First-Year Teacher Salary: What to Expect Financially
Congratulations! You've earned that teaching degree, and you're ready to get to work. Before you start sharing your knowledge with future generations, though, there are still a few more things for you to learn.
We've done our homework and have come up with some helpful tips to determine the negotiables — and the non-negotiables — during your job search. We'll also share advice on how to plan a budget and manage those school loans.
Financial expectations for first-year teachers
If you're searching for a teaching job, you probably have a lot of questions regarding the financial piece of the puzzle. What is the starting salary for a teacher? Can I negotiate my pay during the hiring process? What about benefits? Should I take on an extra job? Let's take a look at answers to each of these questions.
1. How much do first-year teachers make?
The average starting salary for teachers differs from state to state, and between rural and urban areas. While schools in cities tend to pay more, it's usually more expensive to live in the city.
To help you find the right job in the right location with the right salary, we've broken down the data on which states pay first-year teachers the highest and lowest salaries. This data is something to consider when deciding where you want to live and teach.
2. Can I negotiate my salary?
Public schools uniformly pay teachers based on their experience within public school districts. Unfortunately, salary negotiations are not possible. Teachers with the same level of experience and education will earn the same amount, according to the annual salary schedule.
However, the type of degree you hold makes a difference. If you have a master's degree along with a National Board certification, your salary will be higher than those with a master's and no certification. Likewise, if you have a master's degree, you'll warrant a higher salary than those with a bachelor's degree.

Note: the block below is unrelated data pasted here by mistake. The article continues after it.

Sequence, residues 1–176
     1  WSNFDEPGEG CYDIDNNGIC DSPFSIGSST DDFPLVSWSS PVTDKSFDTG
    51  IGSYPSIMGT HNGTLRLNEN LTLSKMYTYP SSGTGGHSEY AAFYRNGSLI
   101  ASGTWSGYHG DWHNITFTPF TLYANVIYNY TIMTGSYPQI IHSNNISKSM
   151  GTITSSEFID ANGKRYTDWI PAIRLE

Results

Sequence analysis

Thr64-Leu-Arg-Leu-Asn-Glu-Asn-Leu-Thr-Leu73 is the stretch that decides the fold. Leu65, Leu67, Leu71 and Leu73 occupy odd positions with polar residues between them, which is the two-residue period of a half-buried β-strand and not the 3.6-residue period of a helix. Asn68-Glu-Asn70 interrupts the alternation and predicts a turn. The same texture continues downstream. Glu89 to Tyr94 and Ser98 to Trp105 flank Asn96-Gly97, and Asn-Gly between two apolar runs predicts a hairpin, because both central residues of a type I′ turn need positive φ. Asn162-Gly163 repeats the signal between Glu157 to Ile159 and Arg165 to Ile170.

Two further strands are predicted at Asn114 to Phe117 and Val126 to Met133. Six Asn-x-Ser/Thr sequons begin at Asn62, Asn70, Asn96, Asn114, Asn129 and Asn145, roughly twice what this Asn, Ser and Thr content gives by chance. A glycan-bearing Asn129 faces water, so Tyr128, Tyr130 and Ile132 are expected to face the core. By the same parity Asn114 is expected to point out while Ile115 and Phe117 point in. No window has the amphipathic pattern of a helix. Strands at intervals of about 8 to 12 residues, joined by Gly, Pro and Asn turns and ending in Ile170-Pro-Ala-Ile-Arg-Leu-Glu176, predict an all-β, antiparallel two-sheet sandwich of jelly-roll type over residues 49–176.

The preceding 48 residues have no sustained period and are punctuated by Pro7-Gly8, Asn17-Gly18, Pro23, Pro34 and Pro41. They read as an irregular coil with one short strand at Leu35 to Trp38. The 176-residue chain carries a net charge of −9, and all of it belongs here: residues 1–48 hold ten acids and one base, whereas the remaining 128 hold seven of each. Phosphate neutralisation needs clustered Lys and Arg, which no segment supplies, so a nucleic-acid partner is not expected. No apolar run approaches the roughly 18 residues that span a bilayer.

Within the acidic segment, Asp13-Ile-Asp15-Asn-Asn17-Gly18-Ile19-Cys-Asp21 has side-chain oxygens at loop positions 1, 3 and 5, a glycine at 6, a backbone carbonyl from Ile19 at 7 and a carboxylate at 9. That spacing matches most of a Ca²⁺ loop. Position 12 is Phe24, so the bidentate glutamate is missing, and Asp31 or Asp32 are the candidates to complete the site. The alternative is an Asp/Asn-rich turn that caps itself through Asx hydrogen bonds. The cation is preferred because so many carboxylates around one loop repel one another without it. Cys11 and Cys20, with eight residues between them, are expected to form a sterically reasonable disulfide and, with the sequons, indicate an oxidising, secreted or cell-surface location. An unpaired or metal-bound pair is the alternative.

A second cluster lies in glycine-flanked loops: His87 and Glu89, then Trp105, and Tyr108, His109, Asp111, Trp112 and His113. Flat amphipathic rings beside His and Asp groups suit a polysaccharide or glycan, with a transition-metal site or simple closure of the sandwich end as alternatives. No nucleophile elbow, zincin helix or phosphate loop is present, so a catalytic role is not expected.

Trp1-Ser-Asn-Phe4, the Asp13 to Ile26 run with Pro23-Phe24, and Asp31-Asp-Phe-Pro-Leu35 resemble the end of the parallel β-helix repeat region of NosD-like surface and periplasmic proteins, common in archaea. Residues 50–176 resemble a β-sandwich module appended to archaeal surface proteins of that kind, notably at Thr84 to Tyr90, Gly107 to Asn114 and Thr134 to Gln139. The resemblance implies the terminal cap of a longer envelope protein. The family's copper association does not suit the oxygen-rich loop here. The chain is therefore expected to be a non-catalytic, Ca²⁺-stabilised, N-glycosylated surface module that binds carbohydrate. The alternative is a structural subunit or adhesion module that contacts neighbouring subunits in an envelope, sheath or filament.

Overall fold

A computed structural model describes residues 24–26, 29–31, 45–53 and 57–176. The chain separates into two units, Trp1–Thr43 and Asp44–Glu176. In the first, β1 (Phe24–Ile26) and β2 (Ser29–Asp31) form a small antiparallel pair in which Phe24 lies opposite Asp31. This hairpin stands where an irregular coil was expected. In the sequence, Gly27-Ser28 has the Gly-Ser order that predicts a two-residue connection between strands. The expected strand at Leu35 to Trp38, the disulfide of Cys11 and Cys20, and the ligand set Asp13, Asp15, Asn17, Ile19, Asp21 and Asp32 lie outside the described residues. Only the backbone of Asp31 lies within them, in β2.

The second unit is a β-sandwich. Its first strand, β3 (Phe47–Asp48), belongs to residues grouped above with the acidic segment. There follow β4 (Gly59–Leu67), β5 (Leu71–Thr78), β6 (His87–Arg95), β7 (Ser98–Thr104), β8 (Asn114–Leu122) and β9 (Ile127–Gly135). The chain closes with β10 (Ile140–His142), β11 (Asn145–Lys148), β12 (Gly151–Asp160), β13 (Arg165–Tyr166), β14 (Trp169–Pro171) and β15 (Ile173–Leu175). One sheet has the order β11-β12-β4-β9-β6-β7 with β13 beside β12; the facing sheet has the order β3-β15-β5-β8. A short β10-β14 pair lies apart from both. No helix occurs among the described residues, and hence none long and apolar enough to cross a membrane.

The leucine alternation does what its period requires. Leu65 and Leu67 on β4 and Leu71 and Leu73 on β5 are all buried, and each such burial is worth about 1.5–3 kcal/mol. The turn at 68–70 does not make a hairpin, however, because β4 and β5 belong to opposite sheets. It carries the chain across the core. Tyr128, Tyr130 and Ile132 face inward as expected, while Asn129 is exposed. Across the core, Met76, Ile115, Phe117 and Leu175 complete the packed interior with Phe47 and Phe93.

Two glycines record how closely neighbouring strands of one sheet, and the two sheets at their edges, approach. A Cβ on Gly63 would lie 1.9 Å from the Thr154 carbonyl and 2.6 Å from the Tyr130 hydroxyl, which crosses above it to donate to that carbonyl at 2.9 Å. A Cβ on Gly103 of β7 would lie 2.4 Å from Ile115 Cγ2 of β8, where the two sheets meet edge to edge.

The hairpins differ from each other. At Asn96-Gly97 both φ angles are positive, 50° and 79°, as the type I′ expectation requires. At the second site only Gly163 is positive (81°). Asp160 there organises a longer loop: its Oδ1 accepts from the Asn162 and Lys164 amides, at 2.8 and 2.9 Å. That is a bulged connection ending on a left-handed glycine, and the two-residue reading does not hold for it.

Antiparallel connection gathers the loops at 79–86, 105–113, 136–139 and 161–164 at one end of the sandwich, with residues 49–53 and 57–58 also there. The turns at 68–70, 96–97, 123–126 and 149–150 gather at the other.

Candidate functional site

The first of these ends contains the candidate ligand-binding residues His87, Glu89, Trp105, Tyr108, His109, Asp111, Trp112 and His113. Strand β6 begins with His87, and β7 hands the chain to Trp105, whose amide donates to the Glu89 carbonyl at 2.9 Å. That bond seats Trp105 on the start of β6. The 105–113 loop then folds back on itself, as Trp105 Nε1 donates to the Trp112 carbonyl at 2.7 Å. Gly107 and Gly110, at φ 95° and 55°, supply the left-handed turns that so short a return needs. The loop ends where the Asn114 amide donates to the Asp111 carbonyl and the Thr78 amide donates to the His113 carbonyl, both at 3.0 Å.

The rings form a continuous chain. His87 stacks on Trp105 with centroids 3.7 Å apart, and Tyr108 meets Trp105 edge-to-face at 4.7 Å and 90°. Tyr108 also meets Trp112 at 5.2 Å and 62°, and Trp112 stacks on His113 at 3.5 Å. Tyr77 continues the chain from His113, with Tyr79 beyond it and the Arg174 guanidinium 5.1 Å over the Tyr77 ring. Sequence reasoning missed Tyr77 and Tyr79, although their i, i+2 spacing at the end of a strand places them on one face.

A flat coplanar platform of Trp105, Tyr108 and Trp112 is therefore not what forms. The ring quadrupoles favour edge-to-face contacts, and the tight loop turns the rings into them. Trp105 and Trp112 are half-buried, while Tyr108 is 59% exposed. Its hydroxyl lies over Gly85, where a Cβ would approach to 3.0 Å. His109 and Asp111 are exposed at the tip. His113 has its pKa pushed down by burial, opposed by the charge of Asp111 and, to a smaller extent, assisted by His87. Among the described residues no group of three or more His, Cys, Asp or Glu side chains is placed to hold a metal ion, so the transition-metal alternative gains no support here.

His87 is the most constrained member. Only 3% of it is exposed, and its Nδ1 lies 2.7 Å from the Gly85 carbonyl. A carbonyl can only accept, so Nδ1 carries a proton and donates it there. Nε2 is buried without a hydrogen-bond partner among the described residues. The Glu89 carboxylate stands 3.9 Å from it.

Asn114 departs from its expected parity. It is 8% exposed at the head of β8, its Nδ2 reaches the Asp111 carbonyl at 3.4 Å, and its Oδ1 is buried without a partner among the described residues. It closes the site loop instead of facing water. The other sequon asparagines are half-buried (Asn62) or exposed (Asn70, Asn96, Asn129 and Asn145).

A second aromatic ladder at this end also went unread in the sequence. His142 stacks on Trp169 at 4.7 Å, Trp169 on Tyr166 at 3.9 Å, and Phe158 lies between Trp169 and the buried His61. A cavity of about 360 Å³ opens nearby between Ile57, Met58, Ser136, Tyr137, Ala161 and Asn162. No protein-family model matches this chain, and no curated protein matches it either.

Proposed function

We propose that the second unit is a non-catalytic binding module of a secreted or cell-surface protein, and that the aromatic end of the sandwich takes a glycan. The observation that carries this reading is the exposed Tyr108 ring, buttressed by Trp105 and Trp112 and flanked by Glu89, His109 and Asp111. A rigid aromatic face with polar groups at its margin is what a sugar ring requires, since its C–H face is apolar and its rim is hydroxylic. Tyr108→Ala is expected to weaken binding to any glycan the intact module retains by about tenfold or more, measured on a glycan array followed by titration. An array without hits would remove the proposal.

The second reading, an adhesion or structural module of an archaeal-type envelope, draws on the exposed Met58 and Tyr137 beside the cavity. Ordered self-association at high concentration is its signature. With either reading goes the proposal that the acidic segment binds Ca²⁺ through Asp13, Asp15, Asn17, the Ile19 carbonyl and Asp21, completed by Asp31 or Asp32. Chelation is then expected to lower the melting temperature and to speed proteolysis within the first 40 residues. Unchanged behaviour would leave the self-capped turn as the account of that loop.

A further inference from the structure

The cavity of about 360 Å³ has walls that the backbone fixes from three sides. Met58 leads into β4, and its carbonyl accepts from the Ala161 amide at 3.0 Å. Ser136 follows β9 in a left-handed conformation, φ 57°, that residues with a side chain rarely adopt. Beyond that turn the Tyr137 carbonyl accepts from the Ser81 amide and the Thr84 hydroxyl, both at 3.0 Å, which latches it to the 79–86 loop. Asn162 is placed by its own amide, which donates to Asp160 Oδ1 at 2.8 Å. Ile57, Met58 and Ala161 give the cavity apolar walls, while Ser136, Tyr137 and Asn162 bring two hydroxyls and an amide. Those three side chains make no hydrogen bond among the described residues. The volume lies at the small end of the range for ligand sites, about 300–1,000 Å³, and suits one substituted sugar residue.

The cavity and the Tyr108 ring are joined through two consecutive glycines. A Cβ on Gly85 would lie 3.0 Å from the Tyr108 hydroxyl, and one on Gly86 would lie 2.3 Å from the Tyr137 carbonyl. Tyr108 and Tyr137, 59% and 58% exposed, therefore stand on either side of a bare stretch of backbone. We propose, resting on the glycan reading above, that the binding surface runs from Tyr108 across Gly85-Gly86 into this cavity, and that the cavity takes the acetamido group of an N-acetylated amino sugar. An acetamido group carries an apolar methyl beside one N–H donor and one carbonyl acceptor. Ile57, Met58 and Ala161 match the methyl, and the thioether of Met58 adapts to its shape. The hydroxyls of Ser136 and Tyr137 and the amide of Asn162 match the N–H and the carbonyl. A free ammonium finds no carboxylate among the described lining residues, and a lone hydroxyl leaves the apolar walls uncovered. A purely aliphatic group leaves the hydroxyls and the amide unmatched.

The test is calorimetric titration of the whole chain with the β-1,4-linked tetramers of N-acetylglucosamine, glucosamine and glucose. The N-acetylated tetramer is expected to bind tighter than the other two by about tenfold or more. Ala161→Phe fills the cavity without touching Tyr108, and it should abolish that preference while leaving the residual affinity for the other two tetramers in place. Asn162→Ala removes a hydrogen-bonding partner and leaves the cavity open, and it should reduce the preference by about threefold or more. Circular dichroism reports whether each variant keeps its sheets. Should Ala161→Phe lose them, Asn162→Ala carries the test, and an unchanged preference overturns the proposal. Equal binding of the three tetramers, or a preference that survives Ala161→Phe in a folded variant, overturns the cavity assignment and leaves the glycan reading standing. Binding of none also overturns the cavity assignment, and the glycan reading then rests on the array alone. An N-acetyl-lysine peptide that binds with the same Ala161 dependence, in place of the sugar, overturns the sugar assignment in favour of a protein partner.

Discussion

Private schools set their own hiring practices and may allow for negotiation — but this is entirely at their discretion. It's worth noting, however, that because private institutions decide how they'll compensate employees, benefits packages may or may not be available. Consider benefits when thinking about your total compensation package.
3. What about my benefits?
Retirement accounts, health insurance and dental plans also vary between states and districts. Employees enrolled with an insurer through their school typically choose the coverage that best suits them and their families. Fees for those services will then be deducted from their paycheck.
4. Should I supplement my income?
Many teachers supplement their income through second jobs or summer work (learn more about how to survive on a teacher's salary). As a new teacher, you may want to avoid taking on additional work until you gain a better understanding of your primary teaching responsibilities. If you decide to apply to a summer position, be sure to update your resume to include any student teaching and full-time classroom experience.
Budget strategies for new teachers
For young educators living on a teacher's starting salary, financial concerns can be as difficult as the stresses of the job. A salary of $35,000 may seem substantial to someone accustomed to being paid hourly while working part-time as a student. However, you need to factor in rent and other living expenses, along with only being paid ten months out of the year. This reality can be challenging for many first-year teachers.
Here's some sound budgeting advice for first-year teachers:
- Manage your student loans
According to the Federal Reserve, the average debt for those who took out student loans is $32,721; however, that number does not account for the total amount they will ultimately pay. Interest adds up, which inflates the total long-term figure. Get on your loan provider's payment plan to ensure your loans are paid every month.
- Budget and save
A 2019 poll of 1,000 Americans conducted by Debt.com revealed that among the respondents, 67 percent used a budget to manage their finances. First-year teachers are encouraged to do the same. Accounting for expenditures and income at the beginning of a school year is crucial, especially given that most teachers receive pay for only ten months out of the year. As a new teacher, you must not only consider your monthly expenses, you must allow for those two summer months without a paycheck.
- Be frugal
Want a new car? Wait a year to determine if a car payment makes sense. Eat in. Last year, Forbes calculated that it's five times cheaper to buy ingredients and prepare them yourself than it is to order meals with the same ingredients at a restaurant.
- Avoid impulse purchases
Impulse buys deplete funds you could otherwise spend on things you want or need. Avoid racking up $200-per-month restaurant tabs so necessities like car repairs, a new suit, or a vacation are possible.
Ready to apply for a teaching job? First, you have a homework assignment — build a top-notch resume and cover letter. Use our Resume Templates and Cover Letter Templates to easily craft both documents in no time at all. Before you know it, you'll be teaching at your school of choice.